All the palaver aside, EDI is just the latest rebranding of quota hiring. Quota hiring is justified by one or both of two claims: 1) social justice requires it and/or 2) performance excellence does. Hiring a nigh-illiterate indigenous women as an air traffic controller satisfies the first but probably not the second. Putting a seven foot black man on an otherwise all-white basketball team serves the second but not the first.
The current EDI push in academia claims to suppose that hiring the nigh-illiterate indigenous woman as a professor serves both ends, because diversity of perspective – which is almost certainly guaranteed by such a hire – accrues to research excellence. In some cases research excellence is defined as that which is the product of diversity, rendering the claim circular. In others the measure of excellence is equally dubious. And in still others the connection, though made, is cherry-picked. Counter-examples are simply dismissed.
Cosmetic diversity often correlates with perspectival diversity, but perspectival diversity is counterproductive unless the perspective itself has promise. So-called “indigenous ways of knowing” do not. So adding an indigenous elder to an NSERC funding panel is a social justice sop. No harm no foul, argues Jonathan Haidt, provided that’s what we’re on board with.
But not if it’s a social injustice if science suffers as a result. And that, it seems to me, is what’s really at issue between proponents and detractors of these programs. Is giving the elder the dignity of her ‘inclusion’ in some process worth the potential sub-optimality of its results? In some cases yes, in some cases no. The fight always comes down to cases.
What puzzles me, however, is why EDI seems to have hitched its wagon to bias training. If I’m on the hiring committee, and the Dean won’t hire a white male, what difference does it make that if I had my druthers I’d only shortlist white males? Taking the trouble to correct my biases only makes sense if hiring the white male is a live option. Is the idea that once my biases have been overcome we can do away with quota hiring? No, because that we’re still below quota is taken as conclusive evidence that these biases have yet to be overcome.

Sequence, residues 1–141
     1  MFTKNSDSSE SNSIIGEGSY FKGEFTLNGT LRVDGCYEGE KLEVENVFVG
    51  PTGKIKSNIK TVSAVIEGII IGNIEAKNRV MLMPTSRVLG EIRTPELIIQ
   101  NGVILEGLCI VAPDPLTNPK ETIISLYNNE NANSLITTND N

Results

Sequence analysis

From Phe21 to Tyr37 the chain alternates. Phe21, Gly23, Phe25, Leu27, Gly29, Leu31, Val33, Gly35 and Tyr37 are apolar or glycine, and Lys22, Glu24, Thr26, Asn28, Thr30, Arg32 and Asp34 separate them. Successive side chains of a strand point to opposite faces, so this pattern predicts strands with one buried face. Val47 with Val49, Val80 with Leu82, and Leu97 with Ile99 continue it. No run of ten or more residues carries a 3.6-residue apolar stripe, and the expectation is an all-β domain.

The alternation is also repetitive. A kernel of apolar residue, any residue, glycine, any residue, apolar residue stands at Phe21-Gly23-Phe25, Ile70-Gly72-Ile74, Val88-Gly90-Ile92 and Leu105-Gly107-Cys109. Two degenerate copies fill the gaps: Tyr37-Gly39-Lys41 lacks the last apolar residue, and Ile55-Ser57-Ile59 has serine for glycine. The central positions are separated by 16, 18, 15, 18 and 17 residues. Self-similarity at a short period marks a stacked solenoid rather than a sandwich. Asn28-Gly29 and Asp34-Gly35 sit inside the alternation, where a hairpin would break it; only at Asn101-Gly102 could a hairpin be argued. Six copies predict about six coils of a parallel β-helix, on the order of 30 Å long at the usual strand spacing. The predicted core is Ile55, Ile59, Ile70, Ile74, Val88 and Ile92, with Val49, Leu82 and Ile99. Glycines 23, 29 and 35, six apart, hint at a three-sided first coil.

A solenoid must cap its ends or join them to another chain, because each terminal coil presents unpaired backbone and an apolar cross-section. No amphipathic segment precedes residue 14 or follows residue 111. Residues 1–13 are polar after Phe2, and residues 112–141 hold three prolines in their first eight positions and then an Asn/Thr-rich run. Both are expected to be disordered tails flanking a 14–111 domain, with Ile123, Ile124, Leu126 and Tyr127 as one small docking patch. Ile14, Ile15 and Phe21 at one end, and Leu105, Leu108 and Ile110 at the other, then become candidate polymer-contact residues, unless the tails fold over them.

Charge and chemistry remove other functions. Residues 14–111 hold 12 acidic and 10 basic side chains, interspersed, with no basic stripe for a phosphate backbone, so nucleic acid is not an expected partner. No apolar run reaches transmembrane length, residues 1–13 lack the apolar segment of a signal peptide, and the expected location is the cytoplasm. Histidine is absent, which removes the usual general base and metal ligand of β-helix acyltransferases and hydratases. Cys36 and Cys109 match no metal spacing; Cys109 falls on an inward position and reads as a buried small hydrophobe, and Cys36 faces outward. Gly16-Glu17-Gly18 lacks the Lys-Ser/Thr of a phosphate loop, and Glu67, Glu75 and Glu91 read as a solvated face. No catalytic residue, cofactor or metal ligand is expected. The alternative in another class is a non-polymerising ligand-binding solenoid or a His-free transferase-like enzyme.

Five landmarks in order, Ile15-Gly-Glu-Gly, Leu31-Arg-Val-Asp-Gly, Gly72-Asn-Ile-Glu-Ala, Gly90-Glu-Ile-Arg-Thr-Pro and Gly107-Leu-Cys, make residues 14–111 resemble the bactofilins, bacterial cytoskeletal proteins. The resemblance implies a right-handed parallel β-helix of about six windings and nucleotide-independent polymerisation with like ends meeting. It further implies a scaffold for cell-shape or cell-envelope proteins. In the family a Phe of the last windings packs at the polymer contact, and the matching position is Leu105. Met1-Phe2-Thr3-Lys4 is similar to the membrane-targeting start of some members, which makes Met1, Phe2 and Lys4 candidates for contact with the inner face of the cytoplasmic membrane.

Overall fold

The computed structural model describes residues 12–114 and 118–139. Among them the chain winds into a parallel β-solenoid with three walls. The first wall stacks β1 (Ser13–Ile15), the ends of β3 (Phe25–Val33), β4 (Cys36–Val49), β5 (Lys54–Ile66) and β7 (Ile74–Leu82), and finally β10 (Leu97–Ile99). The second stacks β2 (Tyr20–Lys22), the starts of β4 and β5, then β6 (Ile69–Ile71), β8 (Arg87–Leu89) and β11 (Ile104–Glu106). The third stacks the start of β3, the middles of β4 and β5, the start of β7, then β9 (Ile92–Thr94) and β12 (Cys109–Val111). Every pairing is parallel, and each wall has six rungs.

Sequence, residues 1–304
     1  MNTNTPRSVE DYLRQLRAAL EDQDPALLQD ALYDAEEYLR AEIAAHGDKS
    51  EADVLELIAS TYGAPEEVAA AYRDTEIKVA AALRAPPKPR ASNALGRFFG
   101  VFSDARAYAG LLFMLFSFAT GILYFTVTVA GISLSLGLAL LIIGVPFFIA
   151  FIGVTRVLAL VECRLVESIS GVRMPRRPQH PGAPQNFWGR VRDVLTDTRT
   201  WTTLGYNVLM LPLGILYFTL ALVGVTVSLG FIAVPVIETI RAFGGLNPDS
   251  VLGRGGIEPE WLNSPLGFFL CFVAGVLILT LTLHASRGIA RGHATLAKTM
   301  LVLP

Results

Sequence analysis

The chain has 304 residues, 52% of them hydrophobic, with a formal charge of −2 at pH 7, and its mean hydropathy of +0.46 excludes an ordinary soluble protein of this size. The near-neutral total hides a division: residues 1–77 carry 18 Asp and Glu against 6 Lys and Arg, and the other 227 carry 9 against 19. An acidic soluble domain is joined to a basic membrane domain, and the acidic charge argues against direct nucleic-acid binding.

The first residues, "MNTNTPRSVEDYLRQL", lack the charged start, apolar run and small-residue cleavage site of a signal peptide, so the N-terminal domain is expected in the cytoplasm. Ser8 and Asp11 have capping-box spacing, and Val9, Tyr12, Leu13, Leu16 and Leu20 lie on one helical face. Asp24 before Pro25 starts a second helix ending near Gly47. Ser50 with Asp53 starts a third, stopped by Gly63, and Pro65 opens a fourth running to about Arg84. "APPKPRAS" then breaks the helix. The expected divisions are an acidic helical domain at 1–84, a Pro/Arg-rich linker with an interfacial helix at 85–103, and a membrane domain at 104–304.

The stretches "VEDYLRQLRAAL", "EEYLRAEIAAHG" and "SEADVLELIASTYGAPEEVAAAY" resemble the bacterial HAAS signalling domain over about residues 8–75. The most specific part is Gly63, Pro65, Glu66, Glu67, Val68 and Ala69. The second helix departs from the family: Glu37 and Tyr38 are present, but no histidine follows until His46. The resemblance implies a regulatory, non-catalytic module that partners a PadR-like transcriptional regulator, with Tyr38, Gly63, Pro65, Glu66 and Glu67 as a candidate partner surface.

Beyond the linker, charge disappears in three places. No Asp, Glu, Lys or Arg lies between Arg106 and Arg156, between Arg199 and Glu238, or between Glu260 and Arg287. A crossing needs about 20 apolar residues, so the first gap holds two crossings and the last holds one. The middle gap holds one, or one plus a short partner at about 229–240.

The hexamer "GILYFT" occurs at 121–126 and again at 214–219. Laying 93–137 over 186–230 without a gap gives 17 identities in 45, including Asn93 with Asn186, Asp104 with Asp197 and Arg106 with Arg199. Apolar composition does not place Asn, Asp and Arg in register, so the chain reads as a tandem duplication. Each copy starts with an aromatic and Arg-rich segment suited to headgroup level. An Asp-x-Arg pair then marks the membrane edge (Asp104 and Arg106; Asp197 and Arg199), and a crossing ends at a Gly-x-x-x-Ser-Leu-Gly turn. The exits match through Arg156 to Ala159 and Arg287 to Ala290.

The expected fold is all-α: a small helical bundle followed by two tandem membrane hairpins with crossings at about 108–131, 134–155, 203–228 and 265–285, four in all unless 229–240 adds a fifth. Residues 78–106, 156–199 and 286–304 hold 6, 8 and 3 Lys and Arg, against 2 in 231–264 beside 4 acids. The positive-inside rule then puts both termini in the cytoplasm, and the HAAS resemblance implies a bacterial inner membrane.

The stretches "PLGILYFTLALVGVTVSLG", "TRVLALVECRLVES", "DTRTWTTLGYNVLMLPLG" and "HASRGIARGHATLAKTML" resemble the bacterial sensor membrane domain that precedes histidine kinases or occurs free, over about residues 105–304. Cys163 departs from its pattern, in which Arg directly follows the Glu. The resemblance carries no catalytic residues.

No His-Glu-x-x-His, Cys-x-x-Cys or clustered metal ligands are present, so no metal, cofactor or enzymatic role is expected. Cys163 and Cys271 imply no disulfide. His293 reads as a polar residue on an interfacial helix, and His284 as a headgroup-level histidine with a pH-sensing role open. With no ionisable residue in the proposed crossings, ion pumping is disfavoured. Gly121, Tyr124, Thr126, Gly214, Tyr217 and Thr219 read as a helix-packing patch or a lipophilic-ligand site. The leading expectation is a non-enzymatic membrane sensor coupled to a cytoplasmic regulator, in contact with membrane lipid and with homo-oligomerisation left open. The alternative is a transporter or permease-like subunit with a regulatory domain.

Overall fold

Some people argue – and it’s hard to argue that they’re wrong – that what’s keeping us below quota in the academy is that septuagenarians like me refuse to retire, and that even when we do there’s no money to hire a replacement. So it’s budget cuts that are doing two-dimensional damage here. The institution is shrinking and it’s remaining white and male.
Others argue – and it’s hard to argue that they are wrong – that it’s the shrinking of the university that’s all that’s standing in the way of it ceasing to be a university and becoming something else. So I’ve decided that the only way to save the university, or at least the Philosophy Department, from ceasing to be, is to outlast the current iteration of woke-quota hiring. Accordingly I’ve submitted my letter of retirement to the Dean effective December 1, 2064. I figure that at 114, que sera sera.
Categories: Editorials, Everything You Wanted to Know About What's Going On in the World But Were Afraid to Ask, Social and Political Philosophy, Why My Colleagues Are Idiots
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